The reader immediately senses the perceptible shift in Dorothy’s circumstances;  a chance for excitement, love and adventure…a development that pushes her head above water, breathing new life into her, just when she was slowly and steadily sinking.  As Larry and Dorothy embark on a passionate affair, her world begins to light up, the days are suffused with colour and there’s a sharp clarity to the way she views the people and situations around her.

There, up in the sky, she noticed for the first time a gigantic mounded cloud, as large and elaborately moulded as a baroque opera house and lit from below and at the sides by pink and creamy hues. It sailed beyond her, improbable and romantic, following in the blue sky the course she was taking down below. It seemed to her that it must be a good omen.

What makes Mrs Caliban unique is not just its unusual premise but also how rich the novel is in terms of themes explored. We learn about the gradual disintegration of Fred and Dorothy’s marriage, and decline in Dorothy’s mental health exacerbated by the death of her son and the miscarriage. It’s a loss she is left to grieve alone; their marriage left in tatters leaves no room for the couple to help each other through this difficult time.

Another theme touched upon is the beauty of new ways of seeing and perceiving things. Being an aquatic creature, his new surroundings are a novelty to Larry. But as Dorothy begins to view the world through Larry’s eyes fuelled by his questions on basic human behaviour and traits, she is forced to think a lot and even question many of the things that she otherwise took for granted or about which she didn’t much care previously.

The novel is also radical in the way it questions gender roles. The Calibans find themselves ensconced in traditional gender stereotypes – Fred earns the income, while Dorothy’s role is reduced to that of a housewife following the same unvarying routine day in and day out. But that changes with the arrival of Larry. With no qualms or knowledge about the pigeonholing of roles, Larry is more than willing to chip in and learn to perform a slew of chores, easing some of the burden off Dorothy. Mrs Caliban is an exploration of love and sexual freedom; Dorothy’s affair with Larry is a revelation to her, and makes her feel alive after years of being trapped in an airless marriage. At a time, when women were expected to put up with their husbands having affairs, Dorothy refuses to follow what’s expected of her by society, choosing instead to seek some modicum of happiness in the manner she deems fit.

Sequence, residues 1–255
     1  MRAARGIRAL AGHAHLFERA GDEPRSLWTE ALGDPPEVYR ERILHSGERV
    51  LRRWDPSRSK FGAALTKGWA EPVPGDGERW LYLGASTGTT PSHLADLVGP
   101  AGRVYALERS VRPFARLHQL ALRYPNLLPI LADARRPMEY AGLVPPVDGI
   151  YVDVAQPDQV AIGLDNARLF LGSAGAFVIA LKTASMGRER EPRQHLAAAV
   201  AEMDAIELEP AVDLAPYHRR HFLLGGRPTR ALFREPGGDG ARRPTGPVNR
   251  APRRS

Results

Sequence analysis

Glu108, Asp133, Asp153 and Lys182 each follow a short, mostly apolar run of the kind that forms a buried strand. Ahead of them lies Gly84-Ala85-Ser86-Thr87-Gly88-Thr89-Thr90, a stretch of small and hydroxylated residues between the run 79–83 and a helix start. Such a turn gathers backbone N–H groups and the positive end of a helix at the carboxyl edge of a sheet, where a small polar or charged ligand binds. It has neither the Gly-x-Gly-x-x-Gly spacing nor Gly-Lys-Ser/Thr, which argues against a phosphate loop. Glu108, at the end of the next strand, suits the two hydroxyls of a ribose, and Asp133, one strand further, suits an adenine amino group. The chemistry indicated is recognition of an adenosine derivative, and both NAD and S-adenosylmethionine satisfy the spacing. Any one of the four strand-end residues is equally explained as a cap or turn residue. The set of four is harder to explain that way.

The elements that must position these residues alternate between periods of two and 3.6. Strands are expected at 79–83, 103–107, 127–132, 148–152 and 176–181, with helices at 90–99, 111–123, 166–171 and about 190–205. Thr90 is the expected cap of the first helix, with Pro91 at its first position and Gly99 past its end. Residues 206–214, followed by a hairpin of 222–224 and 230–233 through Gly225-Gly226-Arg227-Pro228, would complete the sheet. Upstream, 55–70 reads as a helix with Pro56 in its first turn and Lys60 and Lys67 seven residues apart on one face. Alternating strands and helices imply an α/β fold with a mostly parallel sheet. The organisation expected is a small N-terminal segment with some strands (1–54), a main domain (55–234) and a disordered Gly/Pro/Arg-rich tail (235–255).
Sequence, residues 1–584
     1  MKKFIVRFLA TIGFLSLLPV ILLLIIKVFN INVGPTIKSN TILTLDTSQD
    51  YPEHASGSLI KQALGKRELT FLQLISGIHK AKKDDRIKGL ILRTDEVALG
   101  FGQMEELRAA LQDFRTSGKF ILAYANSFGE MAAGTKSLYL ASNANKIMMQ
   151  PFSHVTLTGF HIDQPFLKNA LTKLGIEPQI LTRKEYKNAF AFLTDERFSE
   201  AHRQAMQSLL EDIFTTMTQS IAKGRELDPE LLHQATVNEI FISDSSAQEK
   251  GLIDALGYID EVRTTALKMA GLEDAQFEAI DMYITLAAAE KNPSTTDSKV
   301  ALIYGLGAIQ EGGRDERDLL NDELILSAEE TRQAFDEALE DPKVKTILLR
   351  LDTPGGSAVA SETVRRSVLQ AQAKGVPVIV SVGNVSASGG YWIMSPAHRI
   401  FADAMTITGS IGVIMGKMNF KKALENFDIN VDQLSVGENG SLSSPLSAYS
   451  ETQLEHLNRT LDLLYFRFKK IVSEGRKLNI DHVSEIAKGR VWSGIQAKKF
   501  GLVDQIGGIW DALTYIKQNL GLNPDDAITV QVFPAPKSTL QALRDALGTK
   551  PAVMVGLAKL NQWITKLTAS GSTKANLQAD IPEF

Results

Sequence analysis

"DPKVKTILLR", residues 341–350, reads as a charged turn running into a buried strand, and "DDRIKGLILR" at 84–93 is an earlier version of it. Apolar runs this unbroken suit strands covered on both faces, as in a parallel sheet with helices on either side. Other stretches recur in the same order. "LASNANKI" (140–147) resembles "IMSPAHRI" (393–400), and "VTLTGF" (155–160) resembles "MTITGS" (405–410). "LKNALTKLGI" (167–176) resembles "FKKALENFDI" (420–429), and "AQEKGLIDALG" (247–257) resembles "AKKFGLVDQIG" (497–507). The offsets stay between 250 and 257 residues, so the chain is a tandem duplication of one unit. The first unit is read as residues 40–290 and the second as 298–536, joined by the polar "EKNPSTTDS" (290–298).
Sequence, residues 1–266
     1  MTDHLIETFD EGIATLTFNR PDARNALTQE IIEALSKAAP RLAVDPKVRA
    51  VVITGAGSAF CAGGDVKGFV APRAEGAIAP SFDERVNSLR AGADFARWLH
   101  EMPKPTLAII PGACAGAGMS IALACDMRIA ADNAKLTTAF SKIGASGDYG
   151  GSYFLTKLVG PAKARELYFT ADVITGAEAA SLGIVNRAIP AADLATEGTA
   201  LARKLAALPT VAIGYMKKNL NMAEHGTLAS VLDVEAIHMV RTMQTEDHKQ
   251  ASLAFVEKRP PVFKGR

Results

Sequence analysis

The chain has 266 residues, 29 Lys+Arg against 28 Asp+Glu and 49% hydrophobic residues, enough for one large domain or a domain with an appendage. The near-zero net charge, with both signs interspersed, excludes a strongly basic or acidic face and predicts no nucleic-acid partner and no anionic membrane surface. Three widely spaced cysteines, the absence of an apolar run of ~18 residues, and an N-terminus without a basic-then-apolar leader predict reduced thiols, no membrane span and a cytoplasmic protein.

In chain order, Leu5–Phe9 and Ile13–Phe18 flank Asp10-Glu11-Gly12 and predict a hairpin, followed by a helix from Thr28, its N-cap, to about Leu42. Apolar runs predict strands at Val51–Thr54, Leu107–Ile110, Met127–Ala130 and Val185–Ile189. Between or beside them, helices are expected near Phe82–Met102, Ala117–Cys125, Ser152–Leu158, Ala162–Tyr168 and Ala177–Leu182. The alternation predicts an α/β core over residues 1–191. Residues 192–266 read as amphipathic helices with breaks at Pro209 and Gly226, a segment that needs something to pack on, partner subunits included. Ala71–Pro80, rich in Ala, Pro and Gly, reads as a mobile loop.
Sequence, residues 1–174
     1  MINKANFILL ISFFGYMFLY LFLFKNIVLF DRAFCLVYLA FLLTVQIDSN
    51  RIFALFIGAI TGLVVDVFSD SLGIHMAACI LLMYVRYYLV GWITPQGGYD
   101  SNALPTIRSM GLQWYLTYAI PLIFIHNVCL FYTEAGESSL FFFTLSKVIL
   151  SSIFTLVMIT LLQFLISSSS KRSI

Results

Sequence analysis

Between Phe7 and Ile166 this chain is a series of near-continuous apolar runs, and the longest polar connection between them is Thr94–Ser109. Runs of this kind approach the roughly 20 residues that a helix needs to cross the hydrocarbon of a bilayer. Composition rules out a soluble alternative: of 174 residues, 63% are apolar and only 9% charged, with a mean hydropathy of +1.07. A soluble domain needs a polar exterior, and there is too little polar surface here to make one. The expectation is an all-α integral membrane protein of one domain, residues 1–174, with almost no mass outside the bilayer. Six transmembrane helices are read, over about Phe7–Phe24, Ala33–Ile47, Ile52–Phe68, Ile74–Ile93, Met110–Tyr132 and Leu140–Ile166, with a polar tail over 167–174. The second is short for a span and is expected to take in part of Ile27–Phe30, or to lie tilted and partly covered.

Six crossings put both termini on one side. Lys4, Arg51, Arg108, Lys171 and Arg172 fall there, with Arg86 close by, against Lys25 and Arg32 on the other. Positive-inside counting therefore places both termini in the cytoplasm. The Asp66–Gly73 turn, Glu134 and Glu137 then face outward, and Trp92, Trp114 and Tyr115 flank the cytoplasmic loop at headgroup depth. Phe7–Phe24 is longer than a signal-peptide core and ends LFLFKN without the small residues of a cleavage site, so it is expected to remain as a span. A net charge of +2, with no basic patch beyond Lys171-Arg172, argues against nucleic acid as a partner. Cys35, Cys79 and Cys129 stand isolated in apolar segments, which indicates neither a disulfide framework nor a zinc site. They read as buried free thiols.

Furthermore, the novel is a statement on how society perceives outsiders with contempt and suspicion rather than compassion, inclusiveness and understanding. We are shown how narrowly defined and restrictive the definition of “normal” is, how anything outside that constricted space is immediately looked upon with venom, violence and hate. Being an amphibian man, Larry is branded  an outcast by the scientific community as well as the general population, a creature to be captured and tortured, rather than accepting him for who he is and treating him with more respect. Thus, despite being a tender, caring man, often Larry finds himself pushed into the corner by aggressive behaviour of the people around him and compelled to use violence as the only form of self-defense.

Above all else though, Mrs Caliban is a tale of the re-invention of a woman, her journey from a state of abject depression to that of rejuvenation and self-discovery – an evergreen theme which also forms the essence of another novel I read and loved recently – Tessa Hadley’s wonderful novel Free Love.

Within the broader strange outline of its plot, the novel has an interior logic all its own. In fact, Mrs Caliban is a testament to Ingalls’ excellent storytelling ability that she is able to blend the fantastical with the mundane to greater effect and on the strength of her assured writing the reader is willing to be led along in whichever direction she takes us. The foreword by Irenosen Okojie in my edition highlights how the book has influenced several people in the fields of art and culture – Guillermo del Toro’s award-winning The Shape of Water, particularly, is a prime example. In a nutshell, Mrs Caliban is an excellent novella, a magical, subversive fairytale and its themes of gender stereotypes and the isolation of people who don’t fit in remain relevant even today.